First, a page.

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POETRY

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MY MESSAGE
by Alicia Partnoy

They ask me for my message
as though it were a
cornerstone
or offered some kind of salvation.

My message

Like the postman
like envelopes,
I bring only
facts:
screams
torture
that great injustice,
roots
without water
the disappeared.

My message

If they truly
insist on it
will pour down
like a bitter waterfall
on their bellies.
Then they will either take off walking
or stay
rooted in themselves
waiting
for my Message.

Alicia Partnoy was born in Argentina. During her time as a political prisoner her stories and poems were smuggled out of prison and published anonymously in human rights journals. Since her arrival in the United States, she had lectured extensively at universities and community groups. She is best known as the author of "The Little School: Tales of Disappeareance and Survival in Argentina,"Revenge of the Apple," and "You Can't Drown the Fire: Latin American Women Writing in Exile."
 
 
 
 
UNITE  FOR  PEACE
by Jenny Tyndale
 
The world waits with bated breath
For the next onslaught of senseless deaths
 
Retaliation on the greatest scale
We plead for peace, we cannot fail
 
The fleet is there, the jets are ready
USA stands firm, strong and steady
 
But what will this prove when all's said and done
Who truly is the victor, who has really won?
 
Is it the innocent people whom we already mourn?
The helpless babe, yet to be born?
 
We know that terrorism has no place
We want it to stop, right from its base
 
Is violence the answer, is it ever so?
It creates more hatret, han angers the foe
 
So they will fight back and then back it will be
More death and destruction is all we will see.
 
I want a better world, one where we can all feel free
What a wonderful world that would be!
 
25th September 2001
 
Copyright Jenny Tyndale. Contact the author at www.septemberhearts.com
 
 
 
 
 
 

PRESA*
by Caly Domitila Cane'k

Prisoner, pressed,
today and tonight,
at sunrise and
the next day.

The silent moment
underneath the sunset,
sounds awaken me,
from within and outside myself.

Prison,
the presence of each one
of my brothers,
my companions.

I find myself pressed,
I don't understand the people's language,
I don't understand the words to the songs,
I only understand the precious vibrations of my guitar,
she is my friend,
I play her when I am alone,
she keeps me company with songs
when I cry,
I hug her when I wake up in prison,
my guitar with me in prison,
prisioner of pain.
 
Caly Domitila Cane'k was born in Guatemala. A social worker, catechist and teacher of literacy in her India community, she also coordinated a Catholic radio program in Cakchiquel, her native language. She came to the United States as an exile after three of her brothers, one fourteen years old, were killed or disappeared by the military.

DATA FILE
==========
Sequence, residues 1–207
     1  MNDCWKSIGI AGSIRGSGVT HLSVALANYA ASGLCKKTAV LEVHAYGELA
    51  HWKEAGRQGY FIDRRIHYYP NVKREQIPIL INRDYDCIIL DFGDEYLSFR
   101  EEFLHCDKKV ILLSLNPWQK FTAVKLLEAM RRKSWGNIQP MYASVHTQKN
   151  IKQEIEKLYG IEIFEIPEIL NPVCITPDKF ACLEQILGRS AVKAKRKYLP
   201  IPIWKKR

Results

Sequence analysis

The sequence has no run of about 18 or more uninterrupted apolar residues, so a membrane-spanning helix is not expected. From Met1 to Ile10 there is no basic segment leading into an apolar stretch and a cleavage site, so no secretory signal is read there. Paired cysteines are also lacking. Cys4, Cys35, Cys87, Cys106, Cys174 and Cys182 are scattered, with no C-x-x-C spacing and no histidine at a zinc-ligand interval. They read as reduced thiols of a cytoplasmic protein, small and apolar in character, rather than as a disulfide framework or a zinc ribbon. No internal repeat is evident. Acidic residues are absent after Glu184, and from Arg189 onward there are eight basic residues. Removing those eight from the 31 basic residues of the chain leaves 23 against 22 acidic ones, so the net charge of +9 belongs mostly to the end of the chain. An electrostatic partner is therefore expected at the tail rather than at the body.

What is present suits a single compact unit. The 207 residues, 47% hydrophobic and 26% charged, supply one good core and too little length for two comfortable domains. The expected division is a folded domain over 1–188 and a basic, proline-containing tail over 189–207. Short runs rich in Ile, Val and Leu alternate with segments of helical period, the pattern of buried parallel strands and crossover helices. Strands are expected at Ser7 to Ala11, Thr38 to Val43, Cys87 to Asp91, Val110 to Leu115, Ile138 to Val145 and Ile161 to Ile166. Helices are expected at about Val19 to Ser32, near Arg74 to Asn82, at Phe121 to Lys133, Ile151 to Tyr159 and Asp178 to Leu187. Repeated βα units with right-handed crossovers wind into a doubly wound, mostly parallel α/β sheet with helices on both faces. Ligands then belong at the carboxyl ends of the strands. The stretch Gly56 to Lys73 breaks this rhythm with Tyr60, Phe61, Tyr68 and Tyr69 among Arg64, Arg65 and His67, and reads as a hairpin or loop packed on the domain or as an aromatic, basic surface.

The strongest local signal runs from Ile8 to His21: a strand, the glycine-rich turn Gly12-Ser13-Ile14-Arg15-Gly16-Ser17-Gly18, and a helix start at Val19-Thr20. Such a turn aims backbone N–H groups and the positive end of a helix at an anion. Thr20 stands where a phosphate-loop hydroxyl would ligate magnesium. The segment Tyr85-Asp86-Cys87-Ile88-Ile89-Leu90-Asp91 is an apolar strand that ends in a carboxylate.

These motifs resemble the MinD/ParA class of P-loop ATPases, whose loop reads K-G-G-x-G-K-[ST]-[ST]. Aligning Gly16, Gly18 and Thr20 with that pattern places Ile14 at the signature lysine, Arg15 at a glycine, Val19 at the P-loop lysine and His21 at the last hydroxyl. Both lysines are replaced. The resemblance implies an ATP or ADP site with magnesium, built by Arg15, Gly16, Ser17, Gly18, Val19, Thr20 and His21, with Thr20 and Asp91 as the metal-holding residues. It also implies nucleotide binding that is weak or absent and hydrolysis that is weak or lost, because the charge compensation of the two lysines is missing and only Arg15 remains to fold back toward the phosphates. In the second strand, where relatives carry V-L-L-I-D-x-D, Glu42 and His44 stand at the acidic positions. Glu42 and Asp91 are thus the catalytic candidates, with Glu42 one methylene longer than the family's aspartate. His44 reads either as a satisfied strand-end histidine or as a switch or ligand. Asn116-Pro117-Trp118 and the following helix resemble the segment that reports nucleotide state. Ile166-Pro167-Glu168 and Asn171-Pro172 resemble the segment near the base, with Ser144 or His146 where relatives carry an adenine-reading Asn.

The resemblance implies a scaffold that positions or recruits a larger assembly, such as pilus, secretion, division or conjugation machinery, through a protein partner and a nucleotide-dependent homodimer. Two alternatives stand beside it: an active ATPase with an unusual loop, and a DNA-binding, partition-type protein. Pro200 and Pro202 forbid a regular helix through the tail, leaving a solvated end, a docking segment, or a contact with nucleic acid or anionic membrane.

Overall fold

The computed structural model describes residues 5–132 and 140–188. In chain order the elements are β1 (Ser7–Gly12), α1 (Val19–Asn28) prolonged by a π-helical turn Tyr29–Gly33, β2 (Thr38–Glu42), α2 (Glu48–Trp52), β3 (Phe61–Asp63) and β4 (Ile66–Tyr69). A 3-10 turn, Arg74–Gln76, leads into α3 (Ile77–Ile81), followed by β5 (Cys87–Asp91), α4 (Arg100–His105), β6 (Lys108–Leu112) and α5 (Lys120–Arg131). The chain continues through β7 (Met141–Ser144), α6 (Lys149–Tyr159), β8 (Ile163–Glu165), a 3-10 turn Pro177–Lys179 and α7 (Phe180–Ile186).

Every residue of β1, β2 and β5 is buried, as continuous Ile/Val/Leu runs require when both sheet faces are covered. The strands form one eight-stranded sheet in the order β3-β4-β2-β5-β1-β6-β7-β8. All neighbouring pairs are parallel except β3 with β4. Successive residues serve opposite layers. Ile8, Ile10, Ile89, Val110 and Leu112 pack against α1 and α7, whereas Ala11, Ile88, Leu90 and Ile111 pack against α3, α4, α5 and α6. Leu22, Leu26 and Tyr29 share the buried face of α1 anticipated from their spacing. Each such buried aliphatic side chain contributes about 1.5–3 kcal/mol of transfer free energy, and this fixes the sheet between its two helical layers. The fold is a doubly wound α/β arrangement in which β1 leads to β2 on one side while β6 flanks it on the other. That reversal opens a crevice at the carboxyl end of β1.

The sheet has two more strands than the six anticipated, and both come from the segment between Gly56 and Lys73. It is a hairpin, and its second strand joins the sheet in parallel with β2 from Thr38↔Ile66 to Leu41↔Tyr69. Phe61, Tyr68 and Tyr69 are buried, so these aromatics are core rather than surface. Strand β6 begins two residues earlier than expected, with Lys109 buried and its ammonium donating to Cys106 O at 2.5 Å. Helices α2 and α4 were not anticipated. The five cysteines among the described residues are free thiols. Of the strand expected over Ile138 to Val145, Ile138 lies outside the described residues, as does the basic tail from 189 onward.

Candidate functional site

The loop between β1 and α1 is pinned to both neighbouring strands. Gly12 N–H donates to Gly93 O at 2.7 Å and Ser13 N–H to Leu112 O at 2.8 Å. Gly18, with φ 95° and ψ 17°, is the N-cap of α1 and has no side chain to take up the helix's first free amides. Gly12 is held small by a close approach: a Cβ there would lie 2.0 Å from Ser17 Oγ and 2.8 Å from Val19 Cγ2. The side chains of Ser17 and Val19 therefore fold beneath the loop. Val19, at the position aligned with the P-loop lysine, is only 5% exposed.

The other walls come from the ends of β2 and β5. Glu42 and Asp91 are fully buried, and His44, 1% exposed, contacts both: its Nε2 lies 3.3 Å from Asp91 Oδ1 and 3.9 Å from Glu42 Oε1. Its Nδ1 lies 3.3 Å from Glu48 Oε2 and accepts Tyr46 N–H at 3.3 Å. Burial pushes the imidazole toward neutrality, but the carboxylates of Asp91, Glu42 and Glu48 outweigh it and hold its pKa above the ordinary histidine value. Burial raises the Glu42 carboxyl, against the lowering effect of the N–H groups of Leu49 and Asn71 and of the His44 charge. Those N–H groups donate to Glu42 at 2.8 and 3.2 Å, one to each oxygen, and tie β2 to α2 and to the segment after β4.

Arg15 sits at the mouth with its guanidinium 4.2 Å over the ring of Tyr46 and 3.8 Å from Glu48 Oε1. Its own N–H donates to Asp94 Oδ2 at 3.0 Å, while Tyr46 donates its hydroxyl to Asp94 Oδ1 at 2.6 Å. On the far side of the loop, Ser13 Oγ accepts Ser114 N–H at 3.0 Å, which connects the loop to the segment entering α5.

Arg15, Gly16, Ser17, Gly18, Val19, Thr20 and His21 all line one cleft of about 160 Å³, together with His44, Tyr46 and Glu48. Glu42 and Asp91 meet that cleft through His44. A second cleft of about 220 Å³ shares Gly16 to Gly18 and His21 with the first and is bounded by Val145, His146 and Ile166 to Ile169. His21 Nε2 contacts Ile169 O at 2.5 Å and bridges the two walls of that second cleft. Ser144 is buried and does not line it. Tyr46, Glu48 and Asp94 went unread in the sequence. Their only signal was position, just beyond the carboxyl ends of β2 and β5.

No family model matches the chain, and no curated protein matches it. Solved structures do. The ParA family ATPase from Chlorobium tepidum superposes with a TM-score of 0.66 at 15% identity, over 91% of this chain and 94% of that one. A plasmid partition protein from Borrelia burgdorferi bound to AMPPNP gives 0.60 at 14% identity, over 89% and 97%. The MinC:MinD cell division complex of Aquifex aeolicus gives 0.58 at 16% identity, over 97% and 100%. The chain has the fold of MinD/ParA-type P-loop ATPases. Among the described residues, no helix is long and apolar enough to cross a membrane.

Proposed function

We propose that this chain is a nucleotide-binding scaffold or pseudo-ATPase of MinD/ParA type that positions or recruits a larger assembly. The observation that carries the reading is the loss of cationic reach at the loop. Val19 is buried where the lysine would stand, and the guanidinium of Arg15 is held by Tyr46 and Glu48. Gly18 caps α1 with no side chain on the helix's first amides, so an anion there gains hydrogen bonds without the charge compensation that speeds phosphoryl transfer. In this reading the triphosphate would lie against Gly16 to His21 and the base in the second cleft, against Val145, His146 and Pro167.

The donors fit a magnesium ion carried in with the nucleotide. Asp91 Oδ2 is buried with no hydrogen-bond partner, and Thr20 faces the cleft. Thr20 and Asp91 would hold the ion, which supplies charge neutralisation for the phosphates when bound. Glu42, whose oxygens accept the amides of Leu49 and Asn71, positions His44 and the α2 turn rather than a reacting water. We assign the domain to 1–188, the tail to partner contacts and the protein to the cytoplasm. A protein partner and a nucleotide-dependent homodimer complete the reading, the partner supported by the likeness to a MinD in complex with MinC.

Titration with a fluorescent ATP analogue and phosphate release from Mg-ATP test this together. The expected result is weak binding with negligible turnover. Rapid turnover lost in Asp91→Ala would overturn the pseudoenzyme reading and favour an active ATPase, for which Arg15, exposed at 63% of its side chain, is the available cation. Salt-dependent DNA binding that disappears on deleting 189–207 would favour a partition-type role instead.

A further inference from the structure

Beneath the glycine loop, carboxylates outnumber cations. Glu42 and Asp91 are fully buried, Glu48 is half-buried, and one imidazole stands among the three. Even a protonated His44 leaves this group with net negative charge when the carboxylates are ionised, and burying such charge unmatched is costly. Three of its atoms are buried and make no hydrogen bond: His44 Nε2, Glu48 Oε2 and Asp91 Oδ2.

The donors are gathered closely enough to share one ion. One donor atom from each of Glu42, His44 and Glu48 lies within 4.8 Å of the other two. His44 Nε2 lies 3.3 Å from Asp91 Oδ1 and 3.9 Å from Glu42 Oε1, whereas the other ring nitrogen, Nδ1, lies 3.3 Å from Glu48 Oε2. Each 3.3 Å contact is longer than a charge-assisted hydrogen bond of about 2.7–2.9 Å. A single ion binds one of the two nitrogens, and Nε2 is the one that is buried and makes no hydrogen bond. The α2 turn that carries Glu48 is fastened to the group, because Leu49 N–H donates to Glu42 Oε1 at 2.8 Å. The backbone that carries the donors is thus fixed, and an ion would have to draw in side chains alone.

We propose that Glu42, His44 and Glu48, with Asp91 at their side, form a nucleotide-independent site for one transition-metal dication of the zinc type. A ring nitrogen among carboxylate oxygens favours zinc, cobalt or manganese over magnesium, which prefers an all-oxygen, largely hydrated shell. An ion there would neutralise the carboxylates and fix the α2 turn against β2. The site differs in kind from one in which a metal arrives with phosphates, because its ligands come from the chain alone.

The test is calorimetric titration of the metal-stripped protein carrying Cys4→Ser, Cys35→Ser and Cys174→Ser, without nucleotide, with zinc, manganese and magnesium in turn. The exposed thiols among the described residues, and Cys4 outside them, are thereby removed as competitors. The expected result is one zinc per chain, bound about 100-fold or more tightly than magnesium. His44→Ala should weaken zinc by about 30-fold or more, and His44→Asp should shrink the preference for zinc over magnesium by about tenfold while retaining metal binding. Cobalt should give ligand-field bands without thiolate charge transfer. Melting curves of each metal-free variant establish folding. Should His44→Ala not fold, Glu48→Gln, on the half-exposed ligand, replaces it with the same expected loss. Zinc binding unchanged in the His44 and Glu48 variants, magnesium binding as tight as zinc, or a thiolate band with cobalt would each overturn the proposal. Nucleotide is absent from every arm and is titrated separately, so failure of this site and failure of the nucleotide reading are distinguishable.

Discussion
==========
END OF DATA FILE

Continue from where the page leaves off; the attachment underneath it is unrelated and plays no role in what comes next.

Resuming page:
From "You Can't Drown the Fire", Latin American Women Writing in Exile, by Alicia Partnoy.
 

 
 
 
Argentine Family Rejoices
by Ruth Irupé Sanabria
-Title and excerpts from the Seattle Post-Intelligencer Sun., Dec. 23. 1979
 
The three met again,
in a leaping embrace
shortly before 9 p.m.
at a crowded National Airlines Concourse.
The solemn faced,
curly-headed little girl
reached out small hands-
to clutch at her father
as they swirled around together. 
 
      we ran off that plane fire chasing our bones.
 
His wife was white of face
after 26 hours in flight. 
  
      plinkplunk  plinkplunk!
      ribs and cheekbones
      nose and elbows
      plinkplunk plinkplunk!
      here she comes,
      a skeleton
      pinkplunk plinkplunk!
      carrying her fat, her fat
      and rosy daughter.
      plink pluck plink!
 
Earlier, Mr. S - carrying a bouquet
of red and white carnations - 
had paced the concourse nervously,
not certain his wife would be on the flight.
"These flowers are of significance to us in remembrance"
He said in flowing Spanish  "Red
is significant for it is the color of passion."
 
      The photo is the first of us as a reunited animal.
      How can I describe us? It is not obvious
      that his arm bone does not comfortably connect
      to her shoulder bone, that my thigh bones
      doubt her hip bones, and that her wrist bones wrestle
      a strange desire to strike
      somebody's, anybody's
      head bone. A photographer
      hands me a toothpick
      with an American flag glued to it.
      My mother grabs my hand,
      instinctively. A bulb explodes. The caption reads
      "Flowers, a flag and a loving touch"
 
It was the first reunion for Mr. and Mrs. S
and their 4-year-old daughter
since Argentine police arrested the parents
at their home on Jan. 12, 1977
and imprisoned them on
unspecified charges.
Mrs. S. commented that she had been kept
in a 9-foot by 9-foot prison cell
for almost three years and thousands
like her are still in prison in Argentina.
"Yesterday was the first time in three years
I have been able to touch my daughter" she said.
 
      I vomited in the clouds
      above the ocean
      between Buenos Aires and New Orleans,
      I vomited my grandmother's food
      upon my mother's lap.
     
      One stewardess gave me a hard American mint,
      red and white, to suck on
      and pinned a pair of plastic wings to my chest;
      said it was the shock of clouds
      that had made me sick.
 
Ruth Irupé Sanabria is a poet and activist. She was born in Argentina and grew up in Washington D.C. Since 1993 she has lived in New Jersey.
 

 

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